And when he was in a fight — a gun battle the show had shown him engage in before “in that very scene, sitting in that very chair, seeing how his quote-unquote loop within the game plays out and how easy it was for him to kind of cavalierly shoot a bunch of people,” Joy points out — she had an opportunity to depict the increased stakes of the western world.

“The whole place is this wild jungle where nothing is predetermined, and so for that in the gun battle, I didn’t want it to be easy, and I wanted us to feel that uncertainty and have it feel very visceral and immediate,” Joy says, adding she included a couple of Steadicam shots to keep the audience in the middle of the action, “literally over the man’s shoulder feeling the bullets whizzing by.”

Although Joy didn’t pen this particular script — those credits belong to Gina Atwater and Nolan — she says she was “creatively drawn to it” because she has wanted to look a little closer at William (played by Jimmi Simpson in the earlier timelines and Harris in present day) since the beginning of the show.

“In the first season he was the absolute villain and we painted that in a very stark light,” Joy says. “This season we’re playing with perception and loyalty — what happens to your perceived victim when the shoe is on the other foot? Is there any moment at which they cross a line and you lose sympathy for them? And what happens when you look at a villain and you keep looking closer and closer and closer at him, do you ever see any glimmers of light, any other sides to their character?”

“The Riddle of the Sphinx” dove into William’s backstory to connect some dots between the man he was when he first stepped foot in the park to the man he became.

Sitting with Delos, William shared a few nuggets of information about his family as time went on. But he also showed great patience and care for the experiment he was running to keep Delos alive as an android, testing out the capabilities of such artificial intelligence through simple discussions. As the episode revealed, William returned to Delos time and again, with many years in between, to play the control in Delos’ loop.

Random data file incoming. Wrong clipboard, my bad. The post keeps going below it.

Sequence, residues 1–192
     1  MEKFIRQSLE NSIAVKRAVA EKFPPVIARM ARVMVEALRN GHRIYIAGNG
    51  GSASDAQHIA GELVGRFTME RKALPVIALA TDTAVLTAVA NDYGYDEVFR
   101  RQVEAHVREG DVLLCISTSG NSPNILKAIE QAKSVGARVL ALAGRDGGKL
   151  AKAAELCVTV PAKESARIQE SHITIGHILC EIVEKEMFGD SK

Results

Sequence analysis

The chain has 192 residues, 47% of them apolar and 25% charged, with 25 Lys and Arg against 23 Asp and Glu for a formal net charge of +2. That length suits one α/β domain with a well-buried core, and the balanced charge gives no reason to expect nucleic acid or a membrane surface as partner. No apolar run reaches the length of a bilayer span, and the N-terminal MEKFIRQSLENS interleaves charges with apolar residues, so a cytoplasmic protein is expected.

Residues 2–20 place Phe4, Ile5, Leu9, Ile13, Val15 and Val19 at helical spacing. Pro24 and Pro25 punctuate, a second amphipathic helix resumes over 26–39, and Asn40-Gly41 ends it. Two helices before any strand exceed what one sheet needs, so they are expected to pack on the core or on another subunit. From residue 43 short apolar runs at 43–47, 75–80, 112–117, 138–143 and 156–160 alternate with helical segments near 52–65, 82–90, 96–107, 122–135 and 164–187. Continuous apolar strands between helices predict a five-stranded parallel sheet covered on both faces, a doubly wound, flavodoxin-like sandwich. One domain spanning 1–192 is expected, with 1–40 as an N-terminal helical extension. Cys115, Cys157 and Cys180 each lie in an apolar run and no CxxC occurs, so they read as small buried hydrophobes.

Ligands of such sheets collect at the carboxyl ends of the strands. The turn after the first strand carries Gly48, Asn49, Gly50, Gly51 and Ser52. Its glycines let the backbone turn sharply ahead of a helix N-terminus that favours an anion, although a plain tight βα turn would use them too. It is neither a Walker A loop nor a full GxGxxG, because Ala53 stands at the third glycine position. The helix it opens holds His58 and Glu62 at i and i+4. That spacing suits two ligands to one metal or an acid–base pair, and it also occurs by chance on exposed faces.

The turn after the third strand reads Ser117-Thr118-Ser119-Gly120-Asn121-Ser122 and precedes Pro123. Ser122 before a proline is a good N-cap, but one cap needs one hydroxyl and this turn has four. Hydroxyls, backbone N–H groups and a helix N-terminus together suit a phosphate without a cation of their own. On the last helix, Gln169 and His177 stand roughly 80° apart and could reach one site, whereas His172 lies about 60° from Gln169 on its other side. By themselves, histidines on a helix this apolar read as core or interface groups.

“By the time you see the second version of it, I think it starts to feel inevitable that you’re going to see something else happen,” Joy says. “I like playing with the inevitability of that and building the suspense — you can’t wait for the other shoe to drop to see how, when Ed comes in to play it, he’s going to play it differently. Part of the fun for me was the repetition in dialogue and even in the chair that they take [but] you get to see two actors look at characters from three different timelines and even though they’re saying very similar things and sitting in the same position, it’s the tiny gestures in performance — the tiny deviations in what they’re saying — that betray how their character is evolving over time.”

The episode also introduced William’s daughter as an adult who found her way into the theme park herself.

Joy chose to shoot her backlit by the sun so that she was shrouded in darkness as she had been shrouded in mystery since earlier references to and quick glimpse of her character. It was all about adding to the suspense.

“The man is rushing toward the horizon and he’s chasing his own demons in some ways, and then you see this figure and you can’t make out who they are. I wanted to be really ambiguous at first with whether it’s a man, whether it’s a woman, and that went into our costume choices even at the beginning of the season,” Joy explains.

William was far from the only character with whom Joy got to dive deeper, though. In addition to shooting the reveal of Elsie’s (Shannon Woodward) whereabouts, she explored the inner workings of Bernard’s (Jeffrey Wright) broken mind as his memories came to him in fragmented, non-linear pieces.

“It’s sort of like how Dolores had trouble sorting her [memories] in the first season so the interesting thing, for me, was to incorporate some visual tricks that would help mimic his condition with memory,” Joy says. “What I loved was the idea of having these macro shots where tiny flickers of memory were coming back to him — eyeballs were falling on the ground, why? The sound, the distortion, and not knowing what it connects to. And then of course he finds this lab and he’s wandering through it as he’s also trying to wander through his own mind and piece together what he saw.”

Joy calls the sequence in which Bernard observed his own memories play out in three-dimensions in front of him in the lab his “out of body experience.” Although she shares she worked very closely with Wright as well as her camera team on the day of shooting to capture the “uncanny” feeling of floating outside of one’s self, when she got into editing, she used music as a way to make it even more jarring for the audience.

“I wanted to feel a little bit like we were crawling outside of our skin,” she says.